Yolk to albumen ratio
 
The yolk albumen ratio in the present study revealed that (0.45, 0.50), (0.43, 0.47) and (0.56, 0.64) for IB, BB and PK under intensive and village production systems, respectively (Table 2). The yolk to albumen ratio of IB and PK under village production system was a significantly higher than under intensive production system (p<0.05), while the yolk : albumen ratio of  BB did not differ significantly. It was reported that there was a small positive relationship between egg weight and yolk albumen ratio was found (Harms and Hussein, 1993). Higher yolk to albumen ratio is an attribute to differences more in proportion of albumen than in proportion of yolk (Suk and Park, 2001). However, the yolk albumen ratio of IB in both production systems in the present study was significantly higher than the report Suk and Park (2001) and Harms and Hussein (1993) under intensive management.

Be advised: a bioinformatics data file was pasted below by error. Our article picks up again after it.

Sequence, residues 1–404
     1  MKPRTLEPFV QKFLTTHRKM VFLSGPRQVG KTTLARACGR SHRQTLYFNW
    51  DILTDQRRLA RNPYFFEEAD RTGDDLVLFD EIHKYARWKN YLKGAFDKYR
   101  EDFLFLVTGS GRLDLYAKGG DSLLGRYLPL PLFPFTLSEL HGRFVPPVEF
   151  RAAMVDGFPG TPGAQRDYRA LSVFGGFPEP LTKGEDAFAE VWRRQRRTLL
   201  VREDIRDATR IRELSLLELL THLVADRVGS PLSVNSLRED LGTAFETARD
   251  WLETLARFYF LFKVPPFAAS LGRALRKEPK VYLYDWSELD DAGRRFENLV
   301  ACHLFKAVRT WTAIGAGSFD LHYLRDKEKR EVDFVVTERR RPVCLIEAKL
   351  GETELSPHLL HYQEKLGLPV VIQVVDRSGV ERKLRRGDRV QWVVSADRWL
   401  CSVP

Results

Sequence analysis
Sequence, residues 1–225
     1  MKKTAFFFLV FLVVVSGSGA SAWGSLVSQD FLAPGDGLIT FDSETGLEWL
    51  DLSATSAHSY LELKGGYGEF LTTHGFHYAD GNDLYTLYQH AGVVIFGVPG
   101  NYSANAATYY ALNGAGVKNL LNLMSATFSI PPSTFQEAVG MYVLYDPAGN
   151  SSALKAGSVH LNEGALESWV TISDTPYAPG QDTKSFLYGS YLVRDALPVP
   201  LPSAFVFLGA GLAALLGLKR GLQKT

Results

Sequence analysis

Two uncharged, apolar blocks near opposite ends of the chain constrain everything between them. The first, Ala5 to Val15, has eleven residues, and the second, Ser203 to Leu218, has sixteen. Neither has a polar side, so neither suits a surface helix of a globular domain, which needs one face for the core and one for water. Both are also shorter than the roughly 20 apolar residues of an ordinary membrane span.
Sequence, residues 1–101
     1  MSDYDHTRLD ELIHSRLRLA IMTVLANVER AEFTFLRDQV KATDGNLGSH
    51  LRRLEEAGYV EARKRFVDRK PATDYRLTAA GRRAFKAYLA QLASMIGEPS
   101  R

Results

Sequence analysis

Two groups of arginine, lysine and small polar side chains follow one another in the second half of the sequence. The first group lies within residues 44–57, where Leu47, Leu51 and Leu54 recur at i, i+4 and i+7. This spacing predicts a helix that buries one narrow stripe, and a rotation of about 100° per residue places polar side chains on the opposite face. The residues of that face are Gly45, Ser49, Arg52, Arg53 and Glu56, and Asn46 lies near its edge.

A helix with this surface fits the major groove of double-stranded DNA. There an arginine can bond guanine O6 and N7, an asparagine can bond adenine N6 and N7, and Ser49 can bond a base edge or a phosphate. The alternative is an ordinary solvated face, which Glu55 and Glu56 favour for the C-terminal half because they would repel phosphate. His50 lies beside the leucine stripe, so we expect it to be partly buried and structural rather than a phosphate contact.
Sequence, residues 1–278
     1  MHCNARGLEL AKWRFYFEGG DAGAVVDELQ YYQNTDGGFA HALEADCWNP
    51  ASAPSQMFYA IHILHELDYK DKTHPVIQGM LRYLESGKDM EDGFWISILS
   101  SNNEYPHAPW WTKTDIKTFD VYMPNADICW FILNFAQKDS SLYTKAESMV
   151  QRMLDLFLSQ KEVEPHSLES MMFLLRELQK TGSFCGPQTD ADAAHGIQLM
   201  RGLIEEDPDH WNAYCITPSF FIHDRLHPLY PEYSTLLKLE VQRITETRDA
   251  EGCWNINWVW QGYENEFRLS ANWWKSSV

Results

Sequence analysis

CONCLUSION

In the current study, even though the differences were observed in egg quality traits under intensive and extensive system, eggs collected from the village were also found to be good quality, which are normally perceived as inferior quality by consumers. This could indicate the efforts of farmers to apply improved management in housing, feeding and health management provided by agricultural extension works in the study areas.


 CONFLICT OF INTEREST

The authors have not declared any conflict of interest.


 ACKNOWLEDGEMENTS

The authors are greatly indebted to the Koepon Stichting, Wageningen University (WU), Institute of Agricultural Research (EIAR) and International Livestock Research Institute (ILRI) for funding this research work and the farming communities from two of the districts for providing eggs for quality analysis which is instrumental for the successful completion of this research work.